- PE-Backed IPOs: Private equity–backed IPOs by US issuers declined by 23%, from 26 in 2017 to 20 in 2018. Overall, PE-backed issuers accounted for 16% of all US-issuer IPOs in 2018, compared to 25% in 2017. The median deal size for PE-backed IPOs in 2018 was $288.0 million, compared to $100.2 million for all other IPOs. The average PE-backed IPO in 2018 ended the year 9% below its offering price.
- Life Sciences IPOs: There were 74 life sciences company IPOs in 2018, an increase of 68% from the 44 in 2017. The portion of the IPO market accounted for by life sciences companies increased from 31% in 2017 to 40% in 2018. While the 2018 figure lags behind the sector’s 43% market share in the three-year period from 2014 to 2016, it is more than double the 17% that prevailed over the five-year period preceding 2014. The average life sciences IPO company in 2018 ended the year down 1% from its offering price, compared to a 3% year end decline for non–life sciences IPO companies.
- Tech IPOs: Deal flow in the technology sector increased by 30%, from 44 IPOs in 2017 to 57 IPOs in 2018. The tech sector’s share of the US IPO market remained steady between 2017 and 2018, at 31%, up from recent lows of 27% in 2016 and 23% in 2015, but well below the 45% that prevailed over the three-year period from 2010 to 2012. The average tech IPO ended the year 1% above its offering price, compared to a 3% loss for non-tech IPOs.
- Foreign-Issuer IPOs: The number of US IPOs by foreign issuers increased by 53%, from 38 in 2017 (27% of the market) to 58 in 2018 (32% of the market). Among foreign issuers, Chinese companies led the year with 32 IPOs (the highest annual number of IPOs from China since 2010), followed by companies from the United Kingdom (eight IPOs) and Brazil and Israel (each with three IPOs). The average foreign-issuer IPO company ended the year down 5% from its offering price.
In 2018, 58 companies based in the eastern United States (east of the Mississippi River) completed IPOs, compared to 67 for western US–based issuers. California led the state rankings with 43 IPOs, followed by Massachusetts (20 IPOs), Texas (10 IPOs), New York (six IPOs), and Pennsylvania and Washington (four IPOs each).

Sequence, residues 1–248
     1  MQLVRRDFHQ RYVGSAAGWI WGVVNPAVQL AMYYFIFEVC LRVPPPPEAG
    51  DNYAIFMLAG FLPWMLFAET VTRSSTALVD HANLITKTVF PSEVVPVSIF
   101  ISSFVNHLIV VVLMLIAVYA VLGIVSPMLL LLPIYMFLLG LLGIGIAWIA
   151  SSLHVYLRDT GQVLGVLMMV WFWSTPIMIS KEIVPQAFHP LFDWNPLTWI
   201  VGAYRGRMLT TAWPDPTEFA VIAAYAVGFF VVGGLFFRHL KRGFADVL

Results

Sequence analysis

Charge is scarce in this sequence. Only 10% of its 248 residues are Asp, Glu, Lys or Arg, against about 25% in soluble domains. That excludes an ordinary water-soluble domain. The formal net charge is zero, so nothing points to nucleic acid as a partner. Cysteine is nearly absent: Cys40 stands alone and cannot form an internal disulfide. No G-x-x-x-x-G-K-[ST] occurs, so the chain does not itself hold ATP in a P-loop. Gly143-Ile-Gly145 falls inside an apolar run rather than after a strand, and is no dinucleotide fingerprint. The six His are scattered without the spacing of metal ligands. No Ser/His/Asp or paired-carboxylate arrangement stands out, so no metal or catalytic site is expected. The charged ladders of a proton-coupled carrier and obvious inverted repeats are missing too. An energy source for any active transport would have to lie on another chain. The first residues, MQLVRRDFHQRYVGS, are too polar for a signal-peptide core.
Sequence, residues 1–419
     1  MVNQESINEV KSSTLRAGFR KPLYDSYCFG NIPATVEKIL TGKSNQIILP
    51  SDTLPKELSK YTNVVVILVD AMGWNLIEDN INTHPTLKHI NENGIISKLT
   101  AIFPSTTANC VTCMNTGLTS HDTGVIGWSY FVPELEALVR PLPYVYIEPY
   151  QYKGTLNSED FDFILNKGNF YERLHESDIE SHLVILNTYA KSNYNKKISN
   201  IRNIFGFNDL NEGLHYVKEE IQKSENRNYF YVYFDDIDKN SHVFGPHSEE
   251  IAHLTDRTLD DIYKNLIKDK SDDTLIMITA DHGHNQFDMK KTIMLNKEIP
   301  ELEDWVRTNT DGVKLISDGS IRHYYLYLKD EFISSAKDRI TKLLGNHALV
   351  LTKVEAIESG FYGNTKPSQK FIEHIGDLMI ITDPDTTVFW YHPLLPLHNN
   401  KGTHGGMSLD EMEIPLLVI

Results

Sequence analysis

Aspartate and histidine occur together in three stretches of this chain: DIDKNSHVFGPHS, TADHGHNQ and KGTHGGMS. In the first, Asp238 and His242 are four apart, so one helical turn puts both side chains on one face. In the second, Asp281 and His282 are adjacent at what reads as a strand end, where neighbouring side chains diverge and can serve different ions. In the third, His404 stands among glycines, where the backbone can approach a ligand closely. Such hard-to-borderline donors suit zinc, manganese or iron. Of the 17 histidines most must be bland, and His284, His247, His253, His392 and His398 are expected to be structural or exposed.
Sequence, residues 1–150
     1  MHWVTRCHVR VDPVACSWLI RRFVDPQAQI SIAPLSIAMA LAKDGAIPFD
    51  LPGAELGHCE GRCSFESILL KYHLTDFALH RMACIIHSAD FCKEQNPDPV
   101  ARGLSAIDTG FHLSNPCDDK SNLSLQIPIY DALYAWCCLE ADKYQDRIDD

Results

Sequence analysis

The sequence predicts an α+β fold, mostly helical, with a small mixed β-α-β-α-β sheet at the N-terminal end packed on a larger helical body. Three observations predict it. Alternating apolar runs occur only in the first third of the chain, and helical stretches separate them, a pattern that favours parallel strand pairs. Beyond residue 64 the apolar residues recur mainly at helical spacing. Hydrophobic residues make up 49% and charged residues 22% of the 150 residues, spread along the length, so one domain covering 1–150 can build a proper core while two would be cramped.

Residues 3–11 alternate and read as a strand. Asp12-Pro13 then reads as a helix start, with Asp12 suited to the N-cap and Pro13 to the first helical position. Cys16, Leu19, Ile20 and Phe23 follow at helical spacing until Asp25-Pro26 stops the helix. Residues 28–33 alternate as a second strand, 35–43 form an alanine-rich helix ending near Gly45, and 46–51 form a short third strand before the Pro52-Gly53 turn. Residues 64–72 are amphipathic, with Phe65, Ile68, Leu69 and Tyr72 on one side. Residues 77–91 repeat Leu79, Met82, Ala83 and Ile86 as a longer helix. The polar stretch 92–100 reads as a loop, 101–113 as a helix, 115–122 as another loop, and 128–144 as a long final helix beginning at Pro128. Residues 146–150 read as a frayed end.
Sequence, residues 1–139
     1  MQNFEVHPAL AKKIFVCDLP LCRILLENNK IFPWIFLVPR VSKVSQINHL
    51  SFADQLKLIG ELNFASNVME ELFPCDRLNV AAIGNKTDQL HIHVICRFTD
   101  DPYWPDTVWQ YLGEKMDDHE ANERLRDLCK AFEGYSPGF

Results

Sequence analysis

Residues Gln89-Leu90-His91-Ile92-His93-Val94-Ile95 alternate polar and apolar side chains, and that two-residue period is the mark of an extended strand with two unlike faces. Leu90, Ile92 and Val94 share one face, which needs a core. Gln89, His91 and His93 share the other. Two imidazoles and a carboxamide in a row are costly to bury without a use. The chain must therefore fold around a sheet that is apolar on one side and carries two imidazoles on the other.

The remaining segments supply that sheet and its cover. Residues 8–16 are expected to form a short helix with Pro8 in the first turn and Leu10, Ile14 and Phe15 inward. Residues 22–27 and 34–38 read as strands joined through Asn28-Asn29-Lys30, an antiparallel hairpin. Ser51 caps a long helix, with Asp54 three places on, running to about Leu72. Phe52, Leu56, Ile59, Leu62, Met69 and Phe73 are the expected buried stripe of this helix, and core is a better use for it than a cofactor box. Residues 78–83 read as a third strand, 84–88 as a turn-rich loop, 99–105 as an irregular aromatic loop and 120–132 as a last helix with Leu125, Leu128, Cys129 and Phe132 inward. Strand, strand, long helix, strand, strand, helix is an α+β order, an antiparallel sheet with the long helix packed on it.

IPO market activity in the coming year will depend on a number of factors, including the following:
- Economic Growth: US economic growth slowed over the course of 2018, with the fourth quarter posting a 2.2% increase, down from 3.4% in the third quarter and 4.2% in the second quarter. Despite the slowdown, the GDP growth rate for the year was among the highest in over a decade, job growth has remained consistently strong and the unemployment rate is at its lowest level in nearly 50 years. The residual effects of the US corporate and individual income tax rates enacted in late 2017, coupled with the continuation of low interest rates, should continue to support economic growth in the coming year, although geopolitical concerns—including rising international trade tensions and the growing likelihood of a messy Brexit—could dampen economic growth in the United States and overseas.
- Capital Market Conditions: The major US stock market indices all posted solid gains through the first three quarters of 2018, before heading sharply lower in the fourth quarter. In what ended up as the worst year for stocks since 2008, the Dow Jones Industrial Average fell 5.6%, the Nasdaq Composite Index declined 3.9% and the S&P 500 dropped 6.2%. This bleak year-end 2018 performance was more than erased in the first quarter of 2019, as the Dow, Nasdaq and S&P 500 posted gains of 11.2%, 16.5% and 13.1%, respectively, but a return of this kind of volatility in the capital markets could create headwinds for the IPO market.
- Venture Capital Pipeline: The pool of IPO candidates remains large and vibrant, including more than 300 “unicorns” (private companies with valuations exceeding $1 billion). With 2018 yielding more than 175 venture financing rounds that raised at least $100 million—an increase of almost two-thirds from 2017—it is clear that many VC-backed companies continue to be able to raise private “IPO sized” rounds and delay their public debuts. However, investor demand for cash returns, coupled with the attractive valuations and comparatively favorable aftermarket performance of VC-backed IPOs in 2018, should prompt additional VC-backed companies to go public in 2019.
- Private Equity Impact: Although private equity fundraising in 2018 declined by one-quarter from the record-setting level of 2017, PE firms are eager to put their unspent capital to work in new acquisitions. At the same time, PE firms face pressure to exit investments—via IPOs or sales of portfolio companies—and return capital to investors.
The US government shutdown at the start of 2019 contributed to a tepid start for the 2019 IPO market, with only 18 IPOs in the first quarter, but deal flow has since picked up, with 16 offerings in April. The long-awaited IPOs of Lyft, Pinterest, Uber and Zoom and the likely arrival of additional unicorn IPOs should help build further momentum as the year progresses.